February 21, 2010

Maya Stewart Featured in Tulsa World Newspaper

World Correspondent
Published: 2/21/2010 2:27 AM

Editor's Note
: Stacy Pratt is an Oklahoma native now living in New York with her husband, a U.S. Army staff sergeant and Oklahoma native stationed at Fort Drum. Pratt's cousin is Maya Stewart, a Washington, Okla., native who started a line of handbags featured in this year's New York Fashion Week, held last week.

NEW YORK — Bryant Park
is covered with the remains of yesterday's big snow, but a bright sun shines on the famous white tents that have taken over this peaceful oasis in the middle of Manhattan.

music from the runway shows inside them serves as a soundtrack to the action outside: Security guards check invitations and press passes of expensively dressed socialites and journalists in comfortable shoes. Television crews shoot teasers for interviews with models and designers whose names and faces make regular appearances in the biggest fashion magazines.

At the
park's round green tables, men play cards as they probably do every day, seemingly oblivious to the fact that this is Mercedes-Benz New York Fashion Week — the week when designers unveil their spring collections for the press, department store buyers and anyone else lucky enough to score a coveted invitation to the event's last year at this landmark location.

the white tents have been a symbol of New York Fashion Week since its inception in 1943, shows are held all over Manhattan, including right across the street from the tents in historic Bryant Park Hotel. That's where I caught up with native Oklahoman accessories designer Maya Stewart, creator of the Crazy Snake Rebellion luxury handbag line, on Thursday, day two of the prestigious event.

In the swank
red-leather lobby, she was waiting for news about a box of purses that was supposed to have arrived in New York the day before. It was sent several days ahead of time by overnight mail, but the mid-Atlantic blizzard delayed it. Now, two hours before she is due to make her Fashion Week debut as part of the UNRESERVED Designer Collective installation show in Bryant Park Hotel Loft, the purses are still en route from Oklahoma.

people would panic in this situation, but Stewart — who originally hails from the small town of Washington in central Oklahoma — appears completely unruffled. In an outfit of tall boots, black leggings, and a diaphanous white blouse topped by a sleek black blazer, she fits right in with the rest of the fashionably attired people in the lobby, most of whom are watching a television crew film a piece about Canadian supermodel Coco Rocha. After placing courteous, calm calls to the appropriate authorities, she grabs her things and heads toward the Loft.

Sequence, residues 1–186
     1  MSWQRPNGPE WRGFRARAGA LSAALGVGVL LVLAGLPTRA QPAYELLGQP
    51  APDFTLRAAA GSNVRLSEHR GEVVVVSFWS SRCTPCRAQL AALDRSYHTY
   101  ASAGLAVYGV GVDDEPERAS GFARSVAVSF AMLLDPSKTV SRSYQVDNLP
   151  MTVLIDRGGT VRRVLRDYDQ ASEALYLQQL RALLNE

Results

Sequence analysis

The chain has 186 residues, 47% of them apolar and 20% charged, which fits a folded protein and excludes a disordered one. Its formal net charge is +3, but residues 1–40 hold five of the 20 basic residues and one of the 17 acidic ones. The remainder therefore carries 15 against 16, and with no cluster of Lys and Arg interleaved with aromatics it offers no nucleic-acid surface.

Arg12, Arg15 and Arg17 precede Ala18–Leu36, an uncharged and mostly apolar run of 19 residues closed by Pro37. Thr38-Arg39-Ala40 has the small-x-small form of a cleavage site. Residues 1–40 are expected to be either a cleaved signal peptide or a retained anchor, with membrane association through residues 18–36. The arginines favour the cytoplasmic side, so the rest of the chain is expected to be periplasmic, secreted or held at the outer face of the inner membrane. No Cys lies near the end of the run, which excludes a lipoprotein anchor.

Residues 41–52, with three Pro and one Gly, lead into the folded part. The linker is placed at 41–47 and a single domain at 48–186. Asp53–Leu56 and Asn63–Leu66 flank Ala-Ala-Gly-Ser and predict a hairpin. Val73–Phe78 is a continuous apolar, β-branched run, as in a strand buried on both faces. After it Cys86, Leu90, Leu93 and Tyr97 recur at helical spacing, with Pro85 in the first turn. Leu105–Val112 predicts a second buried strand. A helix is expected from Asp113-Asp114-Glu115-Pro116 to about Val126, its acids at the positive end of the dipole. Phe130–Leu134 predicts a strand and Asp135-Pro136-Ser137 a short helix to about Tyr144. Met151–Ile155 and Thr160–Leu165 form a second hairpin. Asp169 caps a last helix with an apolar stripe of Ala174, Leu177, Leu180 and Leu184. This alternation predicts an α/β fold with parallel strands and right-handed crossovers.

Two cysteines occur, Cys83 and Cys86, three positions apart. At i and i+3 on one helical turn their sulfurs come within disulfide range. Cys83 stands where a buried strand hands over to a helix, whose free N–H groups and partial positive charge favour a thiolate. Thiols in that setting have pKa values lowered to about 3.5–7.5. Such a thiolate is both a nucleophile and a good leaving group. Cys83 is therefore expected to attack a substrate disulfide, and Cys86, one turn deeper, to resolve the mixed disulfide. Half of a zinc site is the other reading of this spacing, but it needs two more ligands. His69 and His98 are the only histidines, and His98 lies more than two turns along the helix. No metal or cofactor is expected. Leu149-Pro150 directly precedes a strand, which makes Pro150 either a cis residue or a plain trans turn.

"Most of
the bags did make it here," Stewart says. "I really wish I had all of them, but at least I have enough to represent the collection, and the rest should arrive in time for the trunk show tomorrow."

N.M. to N.Y.
Michael Chapman and Gail Bruce, co-founders of UNRESERVED, said this kind of professional confidence
, along with Stewart's innovative, high-quality work, is what convinced them to make her part of the collective's inaugural Fashion Week show.

"We met Maya at the Santa Fe Indian Market, and our PR company was blown away by her talent. We thought she'd be a great person to bring in for our first show," said Chapman. "Her enthusiasm and her talent stood out to us right away."

The Designer Collective is part of the UNRESERVED American Indian Fashion and Art Alliance, an organization formed
to provide internships and other professional opportunities for American Indian designers from all tribes. Eileen Fisher, Daryl Kerrigan, Nanette Lepore, Pamela Love, Nicole Miller, Urban Zen by Donna Karan and Diane von Furstenberg are among those who have agreed to sponsor UNRESERVED interns in the coming year.

Before her involvement with UNRESERVED, Stewart, who lived in Los Angeles for several years before to moving to London for college, did internships with British designer Matthew Williamson and Los Angeles designer C.C. Skye. Bruce calls her a "shining example of what internships can do."

Chapman agrees, and says
that UNRESERVED hopes to help Stewart, and the other three American Indian designers in the show, reach the next level in their careers.